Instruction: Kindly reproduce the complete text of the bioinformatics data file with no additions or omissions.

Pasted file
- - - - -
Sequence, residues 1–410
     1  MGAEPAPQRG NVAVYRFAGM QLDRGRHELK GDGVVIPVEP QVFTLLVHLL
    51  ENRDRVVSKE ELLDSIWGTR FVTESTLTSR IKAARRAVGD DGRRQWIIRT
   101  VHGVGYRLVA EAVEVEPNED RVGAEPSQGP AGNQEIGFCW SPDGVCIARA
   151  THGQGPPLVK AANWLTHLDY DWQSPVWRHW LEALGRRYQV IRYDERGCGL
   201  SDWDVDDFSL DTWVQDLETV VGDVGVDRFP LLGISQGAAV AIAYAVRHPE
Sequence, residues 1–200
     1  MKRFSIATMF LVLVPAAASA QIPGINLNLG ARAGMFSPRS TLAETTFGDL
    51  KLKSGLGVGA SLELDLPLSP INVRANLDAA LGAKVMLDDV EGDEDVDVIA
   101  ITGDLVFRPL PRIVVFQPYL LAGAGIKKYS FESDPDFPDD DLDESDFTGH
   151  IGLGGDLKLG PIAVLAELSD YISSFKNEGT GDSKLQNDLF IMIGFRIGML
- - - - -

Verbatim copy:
Sequence, residues 1–410
     1  MGAEPAPQRG NVAVYRFAGM QLDRGRHELK GDGVVIPVEP QVFTLLVHLL
    51  ENRDRVVSKE ELLDSIWGTR FVTESTLTSR IKAARRAVGD DGRRQWIIRT
   101  VHGVGYRLVA EAVEVEPNED RVGAEPSQGP AGNQEIGFCW SPDGVCIARA
   151  THGQGPPLVK AANWLTHLDY DWQSPVWRHW LEALGRRYQV IRYDERGCGL
   201  SDWDVDDFSL DTWVQDLETV VGDVGVDRFP LLGISQGAAV AIAYAVRHPE
Sequence, residues 1–200
     1  MKRFSIATMF LVLVPAAASA QIPGINLNLG ARAGMFSPRS TLAETTFGDL
    51  KLKSGLGVGA SLELDLPLSP INVRANLDAA LGAKVMLDDV EGDEDVDVIA
   101  ITGDLVFRPL PRIVVFQPYL LAGAGIKKYS FESDPDFPDD DLDESDFTGH
   151  IGLGGDLKLG PIAVLAELSD YISSFKNEGT GDSKLQNDLF IMIGFRIGML